Call to Action
Identifying Monarchs
Identifying Larvae
Report A Sighting
Monitoring Monarchs
Tagging Monarchs
Request Tags
Report A Tag
Monarch Hotspots
Raising Monarchs
Plant Nurseries
Upcoming Events
Support Us

Identifying Larvae

Monarch caterpillars and queen caterpillars are close relatives and look very similar. They both only use milkweeds as their host plant. In addition, the caterpillar of the black swallowtail butterfly looks a lot like a monarch. Here are some ways you can identify each one.
Note: A caterpillar is called a larva. Caterpillars are called larvae.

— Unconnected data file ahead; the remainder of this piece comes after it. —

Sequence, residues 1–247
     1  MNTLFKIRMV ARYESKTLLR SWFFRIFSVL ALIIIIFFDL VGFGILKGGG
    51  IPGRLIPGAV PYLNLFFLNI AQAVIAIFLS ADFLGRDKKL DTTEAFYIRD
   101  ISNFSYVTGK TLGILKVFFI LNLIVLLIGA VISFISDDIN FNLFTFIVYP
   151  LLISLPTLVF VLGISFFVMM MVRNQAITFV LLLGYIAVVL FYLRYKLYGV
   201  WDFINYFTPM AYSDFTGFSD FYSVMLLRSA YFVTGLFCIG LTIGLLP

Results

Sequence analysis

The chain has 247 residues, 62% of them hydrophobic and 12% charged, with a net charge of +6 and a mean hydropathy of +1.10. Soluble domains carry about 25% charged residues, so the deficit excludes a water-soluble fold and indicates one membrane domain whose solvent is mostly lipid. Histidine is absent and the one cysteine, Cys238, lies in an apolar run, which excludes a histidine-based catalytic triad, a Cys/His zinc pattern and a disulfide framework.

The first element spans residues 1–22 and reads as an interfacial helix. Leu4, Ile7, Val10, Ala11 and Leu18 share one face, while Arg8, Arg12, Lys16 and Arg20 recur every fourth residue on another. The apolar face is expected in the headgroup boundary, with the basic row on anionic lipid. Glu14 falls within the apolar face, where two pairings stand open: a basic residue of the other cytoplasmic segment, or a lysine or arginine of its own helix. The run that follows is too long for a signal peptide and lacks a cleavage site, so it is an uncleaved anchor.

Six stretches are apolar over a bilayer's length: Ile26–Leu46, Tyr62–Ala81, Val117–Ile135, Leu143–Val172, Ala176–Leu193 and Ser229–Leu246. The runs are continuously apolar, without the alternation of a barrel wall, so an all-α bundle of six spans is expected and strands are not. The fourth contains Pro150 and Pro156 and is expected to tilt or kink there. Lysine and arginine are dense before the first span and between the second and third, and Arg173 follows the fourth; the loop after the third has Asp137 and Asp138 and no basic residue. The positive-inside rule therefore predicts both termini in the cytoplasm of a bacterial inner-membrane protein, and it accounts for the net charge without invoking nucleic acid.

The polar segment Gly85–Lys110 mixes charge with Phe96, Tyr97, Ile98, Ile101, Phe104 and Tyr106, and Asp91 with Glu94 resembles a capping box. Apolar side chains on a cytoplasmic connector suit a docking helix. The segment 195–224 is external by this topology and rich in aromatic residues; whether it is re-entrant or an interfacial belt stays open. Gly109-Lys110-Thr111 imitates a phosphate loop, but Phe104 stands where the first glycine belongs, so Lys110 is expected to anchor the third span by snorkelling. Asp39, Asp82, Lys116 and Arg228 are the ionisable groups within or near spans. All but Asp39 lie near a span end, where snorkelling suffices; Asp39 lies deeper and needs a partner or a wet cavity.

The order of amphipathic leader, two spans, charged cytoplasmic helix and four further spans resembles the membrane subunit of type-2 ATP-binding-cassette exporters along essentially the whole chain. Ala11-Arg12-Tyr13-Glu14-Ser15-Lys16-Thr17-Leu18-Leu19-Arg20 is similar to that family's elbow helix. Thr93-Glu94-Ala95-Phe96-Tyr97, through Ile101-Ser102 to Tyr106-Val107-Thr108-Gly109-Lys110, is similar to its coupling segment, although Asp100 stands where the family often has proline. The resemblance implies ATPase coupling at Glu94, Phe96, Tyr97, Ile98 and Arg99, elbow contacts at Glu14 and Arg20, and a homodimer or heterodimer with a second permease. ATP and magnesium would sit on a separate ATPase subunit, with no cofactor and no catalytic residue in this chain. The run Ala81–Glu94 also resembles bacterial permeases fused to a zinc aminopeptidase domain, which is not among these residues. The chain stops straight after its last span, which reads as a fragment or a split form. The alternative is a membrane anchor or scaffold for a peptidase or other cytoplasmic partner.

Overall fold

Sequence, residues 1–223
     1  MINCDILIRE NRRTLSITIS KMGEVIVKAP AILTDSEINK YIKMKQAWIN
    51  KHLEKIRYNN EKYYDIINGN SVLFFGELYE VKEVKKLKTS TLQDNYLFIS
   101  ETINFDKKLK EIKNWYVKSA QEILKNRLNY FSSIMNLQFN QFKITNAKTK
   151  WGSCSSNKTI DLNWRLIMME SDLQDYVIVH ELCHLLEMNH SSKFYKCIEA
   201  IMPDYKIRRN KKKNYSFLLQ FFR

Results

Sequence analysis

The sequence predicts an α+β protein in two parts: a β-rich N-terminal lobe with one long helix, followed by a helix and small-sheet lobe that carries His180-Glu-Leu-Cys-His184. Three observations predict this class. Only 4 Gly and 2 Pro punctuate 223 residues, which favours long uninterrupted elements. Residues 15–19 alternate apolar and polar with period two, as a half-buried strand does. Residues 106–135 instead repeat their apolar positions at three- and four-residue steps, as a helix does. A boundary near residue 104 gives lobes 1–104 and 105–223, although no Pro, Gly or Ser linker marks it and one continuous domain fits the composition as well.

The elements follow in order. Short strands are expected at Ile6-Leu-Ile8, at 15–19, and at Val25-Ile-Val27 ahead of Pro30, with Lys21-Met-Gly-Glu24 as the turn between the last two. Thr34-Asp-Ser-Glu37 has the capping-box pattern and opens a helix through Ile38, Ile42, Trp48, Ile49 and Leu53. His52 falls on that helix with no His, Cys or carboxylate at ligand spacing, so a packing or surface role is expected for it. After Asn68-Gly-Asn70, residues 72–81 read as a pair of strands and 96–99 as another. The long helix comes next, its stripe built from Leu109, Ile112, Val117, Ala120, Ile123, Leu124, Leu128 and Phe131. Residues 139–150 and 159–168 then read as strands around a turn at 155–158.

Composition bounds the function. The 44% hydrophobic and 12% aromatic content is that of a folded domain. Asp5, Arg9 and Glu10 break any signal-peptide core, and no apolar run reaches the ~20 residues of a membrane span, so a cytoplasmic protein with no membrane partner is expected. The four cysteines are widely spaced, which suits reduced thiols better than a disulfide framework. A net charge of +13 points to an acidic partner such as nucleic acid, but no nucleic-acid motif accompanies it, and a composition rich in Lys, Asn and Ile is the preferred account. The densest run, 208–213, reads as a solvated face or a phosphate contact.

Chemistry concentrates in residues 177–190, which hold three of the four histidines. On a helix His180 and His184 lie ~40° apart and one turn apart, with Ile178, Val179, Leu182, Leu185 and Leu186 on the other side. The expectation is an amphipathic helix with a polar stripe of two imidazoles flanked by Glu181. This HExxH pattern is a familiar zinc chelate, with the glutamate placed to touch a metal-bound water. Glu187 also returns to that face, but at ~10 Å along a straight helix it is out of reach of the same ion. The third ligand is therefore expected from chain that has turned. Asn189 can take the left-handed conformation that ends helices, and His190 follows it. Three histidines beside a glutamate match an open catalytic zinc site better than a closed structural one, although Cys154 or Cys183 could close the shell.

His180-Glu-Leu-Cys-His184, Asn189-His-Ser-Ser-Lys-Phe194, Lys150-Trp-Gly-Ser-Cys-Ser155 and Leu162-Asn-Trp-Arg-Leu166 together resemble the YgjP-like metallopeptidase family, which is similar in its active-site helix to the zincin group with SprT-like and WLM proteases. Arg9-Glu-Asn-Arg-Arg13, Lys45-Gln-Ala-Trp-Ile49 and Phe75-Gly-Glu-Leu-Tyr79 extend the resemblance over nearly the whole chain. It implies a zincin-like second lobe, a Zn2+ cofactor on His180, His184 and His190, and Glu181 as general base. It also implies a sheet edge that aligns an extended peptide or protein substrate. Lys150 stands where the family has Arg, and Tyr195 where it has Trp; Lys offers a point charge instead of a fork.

Danaus plexippus

Monarch: Two pair of filaments, one on each end.

Yellow, black and white stripes.

Danaus gilippus

Queen: Three pair of filaments one on each end and one in the middle.

Filaments are reddish and black stripe surrounds yellow dot.

Black Swallowtail
Papilio polyxenes

Black swallowtail: Larva is often mistaken as a monarch. If you see a caterpillar in dill, rue, fennel or parsley, you likely have a black swallowtail larva.

Black swallowtail: Photo by Laura Miller

Unless specified otherwise, all data Copyright © 2010-2018 Southwest Monarch Study Inc. Information from this site may not be copied or distributed without prior written approval from Southwest Monarch Study

Webdesign Copyright © 2010-2018 Southwest Monarch Study Inc.